In 544, Soloman was killed in battle at Cillium and his armies routed. In the disruption, the Moors captured and sacked the coastal city of Hadrumentum and much of the rural areas of the prefecture fled to Sicily for safety. Eventually, after years of in-fighting, backstabbing, and chaos, Emperor Justinian sent John Troglita to restore order to the region. Despite commanding a numerically smaller force, John, a proficient general, rapidly made progress in reconquering the anarchic territory. In 547, John would emerge victorious at the Fields of Cato, defeating the combined forces of the Moors and rebellious Greeks, thus ending the fifteen-year revolt; this victory would be short-lived, with the Moors conquering the region in the 7th century.
15. The Yellow Turban Rebellion lasted for 21 years, resulting in the deaths of between 3,000,000 and 7,000,000 people and causing the collapse of an imperial dynasty
The Yellow Turban Rebellion, lasting for 21 years between 184-205, was a peasant revolt against the Eastern Han dynasty of China. Following a period of famine in Northern China, in conjunction with prohibitive taxation to fund military fortifications along the Silk Road and an increasingly corrupt Imperial Court, public support steadily declined as an opinion formed that Emperor Ling had forfeited his Mandate of Heaven. Organized by the Taoist sect of Zhang Jue, the planned rebellion was betrayed before it was fully ready. Despite this setback, tens of thousands joined the premature revolt in early 184 in an effort to overthrow the failing government.
Although winning some early victories and amassing a considerably larger force, outnumbering the Imperial Army 2,000,000 to 350,000, the untrained peasantry proved no match for professional soldiers. Suffering heavy losses in 185, the rebellion continued in a number of provinces in a guerilla format until 205. The losses were devastating, with millions killed, the control of central government eradicated in many districts, and much of the economy left in ruins. Whilst not personally achieving their ultimate goal, the rebellion set the stage for the collapse of the Han dynasty in 220 after failing to regain control over the wounded nation.
14. The Mughal-Maratha Wars spanned nearly 50 years, costing more than 5,000,000 lives throughout this prolonged conflict in the Indian sub-continent
The Mughal-Maratha Wars, also known as the Maratha War of Independence, was a series of wars fought between the Mughal Empire and the Maratha Empire from 1658 to 1707. Beginning with the Mughal invasion of the Maratha region of Bijapur under Emperor Aurangzeb, the Mughals sought to eradicate their young neighbor through a sudden application of overwhelming force; the Mughal forces numbered 700,000 to the Marathan 150,000. Despite this numerical superiority the Mughal Empire initially failed to make progress, being routinely thwarted in sieges, taking seven years to capture Fort Ramsej, and enduring continuous losses via guerilla raids.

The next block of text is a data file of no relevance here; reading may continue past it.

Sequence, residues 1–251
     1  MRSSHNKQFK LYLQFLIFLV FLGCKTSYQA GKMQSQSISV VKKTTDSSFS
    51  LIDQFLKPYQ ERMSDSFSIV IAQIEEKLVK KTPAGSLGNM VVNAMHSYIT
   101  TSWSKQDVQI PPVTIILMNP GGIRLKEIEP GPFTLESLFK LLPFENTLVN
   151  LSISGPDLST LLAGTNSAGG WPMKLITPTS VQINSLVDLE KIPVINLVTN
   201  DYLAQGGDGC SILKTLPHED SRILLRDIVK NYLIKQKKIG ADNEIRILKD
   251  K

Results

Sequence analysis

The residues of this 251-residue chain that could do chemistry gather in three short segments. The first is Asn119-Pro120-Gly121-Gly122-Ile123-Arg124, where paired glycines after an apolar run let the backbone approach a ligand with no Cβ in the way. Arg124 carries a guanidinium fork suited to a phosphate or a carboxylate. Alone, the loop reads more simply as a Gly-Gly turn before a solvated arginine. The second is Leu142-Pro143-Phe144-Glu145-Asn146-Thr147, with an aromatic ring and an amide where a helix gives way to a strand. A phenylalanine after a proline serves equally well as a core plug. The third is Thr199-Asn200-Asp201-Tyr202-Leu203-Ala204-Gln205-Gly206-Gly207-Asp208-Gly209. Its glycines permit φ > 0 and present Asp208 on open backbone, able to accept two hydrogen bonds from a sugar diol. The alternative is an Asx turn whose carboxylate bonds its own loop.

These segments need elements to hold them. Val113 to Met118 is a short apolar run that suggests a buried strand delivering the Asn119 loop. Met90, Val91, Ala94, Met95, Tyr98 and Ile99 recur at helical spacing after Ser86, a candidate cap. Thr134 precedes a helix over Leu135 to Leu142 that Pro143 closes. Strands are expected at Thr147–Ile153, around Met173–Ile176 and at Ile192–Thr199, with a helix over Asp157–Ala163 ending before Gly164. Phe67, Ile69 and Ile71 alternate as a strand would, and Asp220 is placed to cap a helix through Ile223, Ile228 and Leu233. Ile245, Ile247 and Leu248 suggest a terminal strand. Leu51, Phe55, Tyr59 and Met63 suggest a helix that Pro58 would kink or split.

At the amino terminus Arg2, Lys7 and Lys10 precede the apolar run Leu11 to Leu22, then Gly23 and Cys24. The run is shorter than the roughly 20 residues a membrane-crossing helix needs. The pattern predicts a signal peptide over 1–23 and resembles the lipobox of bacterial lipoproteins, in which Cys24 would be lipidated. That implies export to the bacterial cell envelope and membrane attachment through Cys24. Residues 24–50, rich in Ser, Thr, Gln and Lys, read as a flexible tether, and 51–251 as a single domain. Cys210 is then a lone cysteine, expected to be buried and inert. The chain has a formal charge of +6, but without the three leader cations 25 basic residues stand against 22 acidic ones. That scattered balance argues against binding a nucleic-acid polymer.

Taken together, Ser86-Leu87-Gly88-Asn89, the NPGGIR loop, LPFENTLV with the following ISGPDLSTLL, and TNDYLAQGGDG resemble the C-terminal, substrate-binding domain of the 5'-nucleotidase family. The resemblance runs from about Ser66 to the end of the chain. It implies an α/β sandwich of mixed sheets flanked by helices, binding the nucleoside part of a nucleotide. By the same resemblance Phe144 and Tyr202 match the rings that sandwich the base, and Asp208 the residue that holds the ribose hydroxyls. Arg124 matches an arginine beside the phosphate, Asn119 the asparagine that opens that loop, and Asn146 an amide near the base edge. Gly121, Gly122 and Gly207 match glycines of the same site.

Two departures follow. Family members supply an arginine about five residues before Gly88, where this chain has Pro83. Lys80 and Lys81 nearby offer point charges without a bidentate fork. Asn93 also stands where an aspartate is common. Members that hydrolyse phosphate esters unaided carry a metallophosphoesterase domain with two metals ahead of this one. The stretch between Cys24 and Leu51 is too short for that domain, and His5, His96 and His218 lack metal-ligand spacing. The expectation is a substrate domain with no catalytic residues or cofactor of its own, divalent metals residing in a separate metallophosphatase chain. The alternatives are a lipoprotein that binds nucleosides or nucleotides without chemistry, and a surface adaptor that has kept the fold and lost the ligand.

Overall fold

Nonetheless, by 1689 it appeared that Aurangzeb had emerged victorious, capturing and executing Sambhaji, Chhatrapati (King) of the Maratha Empire. However, this act served as a rallying cry for the martyred Sambhaji’s younger brother, Rajaram. Unwilling to surrender and fighting a war of attrition, the Maratha succeeded in pushing the Mughals from their territory. By 1698, Aurangzeb’s forces were depleted and war-weary. Beginning a counter-offensive the Maratha advanced into the Mughal Empire, gaining momentum and by 1705 penetrating the central regions of their enemy’s lands. Emerging as a major power in the Indian sub-continent, the Maratha finally reached the Mughal capital of Dehli in 1758, precipitating the division of Muhgal lands among the smaller kingdoms of India.
13. The Reconquista of Spain took over 700 years and cost the lives of almost 10,000,000 people to accomplish
The Reconquista refers to an extensive series of wars lasting approximately 780 years, starting with the Umayyad conquest of Hispania in 711 and lasting until the fall of the Nasrid kingdom of Granada in 1491. In 711, the Muslim Moors crossed the Strait of Gibraltar to invade the Visigothic Kingdom of Hispania; this conquest would be completed by 719, whereupon the new realm of al-Andalus was created. Struggling to remain independent to the Islamic Umayyad Caliphate based in Córdoba, the Kingdoms of Asturias and Navarre served as the last bastions of Christianity in Spain. Winning several victories, notably the Battle of Toulouse in 721, these small states resisted the total conquest of Spain by the Moors.
With the fall of the Caliphate in the early 11th century, al-Andalus entered a period of prolonged civil war. Splitting into 34 competing kingdoms, the unified Christian kingdoms of the north were free to advance upon them one-by-one. By 1482, only the Emirate of Grenada remained and Ferdinand and Isabella launched the final war. Ending on January 2, 1492, with the surrender of Grenada, the Reconquista was finally completed and Spain turned its eyes towards the New World. At least seven million people were killed across the centuries of conflict, whilst in the aftermath of the Reconquista all Jews were expelled and Muslims were forcibly converted.
12. The Russian Civil War, following on from the losses of the First World War, took the lives of a further 7,000,000 to 12,000,000 people